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Prescription Drug Use Rising

Natural remedies hope to decline prescription drug use

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Prescription Drug Use Rising

An assortment of pharmaceutical drugs.

An assortment of pharmaceutical drugs.

Photo courtesy of AP images

An assortment of pharmaceutical drugs.

Photo courtesy of AP images

Photo courtesy of AP images

An assortment of pharmaceutical drugs.

by Reid McEowen, Co-Editor in Chief of Content

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Prescription drugs are advertised for a variety of different conditions, but a largely overlooked part of each commercial is the slew of symptoms rattled off at the end. Each drug, whether for anxiety or back pain, has the ability to throw off the body’s chemical balance and worsen one’s mental state.   

The levels of a chemical called serotonin are commonly affected when someone takes prescription drugs. Low amounts of serotonin can lead to unusual behaviors and have been known to cause more complications.  Drugs that increase levels of serotonin can cause the body to stop producing serotonin naturally. The brain becomes addicted to the drug because it becomes dependant on the drug to get sufficient amounts of serotonin. The school’s Health Occupations Students of America have pledged to propose different ways to increase overall levels of serotonin without taking potentially harmful drugs.

“Addiction to drugs is obviously something nobody wants,” junior Ashna Shah said. “We are hoping the if we can educate someone on natural remedies, then we can help prevent someone from becoming dependent on prescription drugs.”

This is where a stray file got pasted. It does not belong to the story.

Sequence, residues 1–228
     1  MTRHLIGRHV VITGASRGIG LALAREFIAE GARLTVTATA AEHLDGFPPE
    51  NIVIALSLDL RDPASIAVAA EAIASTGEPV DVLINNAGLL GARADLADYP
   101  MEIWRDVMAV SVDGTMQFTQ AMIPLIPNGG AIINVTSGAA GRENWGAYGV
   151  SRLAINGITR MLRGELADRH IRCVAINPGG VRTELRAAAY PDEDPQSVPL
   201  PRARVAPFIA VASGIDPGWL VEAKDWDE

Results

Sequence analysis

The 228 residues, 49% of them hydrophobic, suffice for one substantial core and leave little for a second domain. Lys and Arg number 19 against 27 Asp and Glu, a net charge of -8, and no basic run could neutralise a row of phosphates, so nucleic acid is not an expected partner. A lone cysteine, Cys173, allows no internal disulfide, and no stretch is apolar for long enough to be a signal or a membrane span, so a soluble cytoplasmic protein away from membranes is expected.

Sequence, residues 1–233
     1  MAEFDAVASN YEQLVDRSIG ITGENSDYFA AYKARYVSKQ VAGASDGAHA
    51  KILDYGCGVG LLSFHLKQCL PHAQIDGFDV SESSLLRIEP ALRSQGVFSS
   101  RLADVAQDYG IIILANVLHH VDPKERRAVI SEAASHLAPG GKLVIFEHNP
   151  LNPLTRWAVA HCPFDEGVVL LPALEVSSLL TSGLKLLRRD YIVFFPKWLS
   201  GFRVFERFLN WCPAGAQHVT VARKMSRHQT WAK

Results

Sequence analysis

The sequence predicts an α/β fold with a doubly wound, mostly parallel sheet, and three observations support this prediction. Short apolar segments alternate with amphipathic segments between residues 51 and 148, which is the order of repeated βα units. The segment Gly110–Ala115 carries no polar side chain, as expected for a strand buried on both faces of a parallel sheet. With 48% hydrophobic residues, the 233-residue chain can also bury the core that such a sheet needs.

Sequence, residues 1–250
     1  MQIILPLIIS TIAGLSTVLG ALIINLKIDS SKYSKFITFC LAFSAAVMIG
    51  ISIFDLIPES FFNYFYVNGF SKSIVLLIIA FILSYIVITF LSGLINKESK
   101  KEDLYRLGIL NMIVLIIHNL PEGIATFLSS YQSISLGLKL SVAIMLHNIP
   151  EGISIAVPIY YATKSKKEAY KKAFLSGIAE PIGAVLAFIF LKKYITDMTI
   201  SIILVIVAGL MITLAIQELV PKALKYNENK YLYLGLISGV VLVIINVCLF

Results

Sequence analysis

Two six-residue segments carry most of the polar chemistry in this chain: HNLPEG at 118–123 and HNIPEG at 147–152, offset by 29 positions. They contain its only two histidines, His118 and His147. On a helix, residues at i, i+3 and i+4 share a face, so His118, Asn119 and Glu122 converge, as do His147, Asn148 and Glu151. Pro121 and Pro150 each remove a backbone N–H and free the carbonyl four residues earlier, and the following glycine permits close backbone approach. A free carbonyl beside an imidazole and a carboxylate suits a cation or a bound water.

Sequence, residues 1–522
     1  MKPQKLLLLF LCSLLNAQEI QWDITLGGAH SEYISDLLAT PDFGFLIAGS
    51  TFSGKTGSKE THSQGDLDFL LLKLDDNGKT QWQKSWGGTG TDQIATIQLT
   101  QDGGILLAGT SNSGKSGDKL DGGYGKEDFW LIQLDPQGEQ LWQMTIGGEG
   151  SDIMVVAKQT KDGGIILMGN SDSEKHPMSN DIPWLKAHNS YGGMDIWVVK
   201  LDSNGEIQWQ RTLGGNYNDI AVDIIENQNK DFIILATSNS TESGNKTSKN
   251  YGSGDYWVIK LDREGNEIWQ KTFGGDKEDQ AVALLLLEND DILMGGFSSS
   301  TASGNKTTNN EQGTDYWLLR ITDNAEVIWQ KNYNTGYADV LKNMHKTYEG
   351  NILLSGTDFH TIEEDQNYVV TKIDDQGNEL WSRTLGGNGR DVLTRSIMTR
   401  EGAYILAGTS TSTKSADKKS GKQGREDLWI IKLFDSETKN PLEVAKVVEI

Some natural ways to increase levels of serotonin are: having a healthy and balanced diet, getting the recommended amount of exercise, and making sure to get plenty of sleep. These all play an influential role in one’s serotonin levels and can lead to a happier and overall better mood.

“As someone who has struggled with anxiety, I feel it is important for us to inform others on how they can get help,” junior Ashleigh Barna said. “It all starts with a healthy lifestyle and I believe there are ways to deal with issues rather than just resorting to pills.”

 The use of antidepressants have seen a rise in recent years, and according to the National Center for Health Statistics, 11 percent of Americans age 12 and over take antidepressant medication. Of those taking antidepressant drugs, 60 percent take them for a period of two years or longer and 14 percent take them for a period of over 10 years.

“A lot of students at this school struggle with mental illness,” junior Minh Nguyen said. “Mental illness has become very prevalent in our society. We want to give back to our community and spread awareness about the dangerous effect prescription drugs can have on your body.”

Drugs can play a major role in helping people with mental issues, but can negatively impact one’s everyday life. Besides the physical symptoms such as rashes, joint and muscle pains, nausea and reduced blood clotting, drugs that raise levels of serotonin can stunt mental development among teens and children.

“We know drugs can help someone out immensely and doctors recommend them,” junior Thu Nguyen said. “We just hope people can start to see them as a last resort rather than a first effort. Especially since there are some natural ways to help combat mental illness.”

About the Writer
Reid McEowen, Co-Editor In Chief of Content

Hi, I am Reid McEowen, and I am this year's Co-Editor in Chief of Content for the Panther Prints. This is my second year of newspaper, and I served as...

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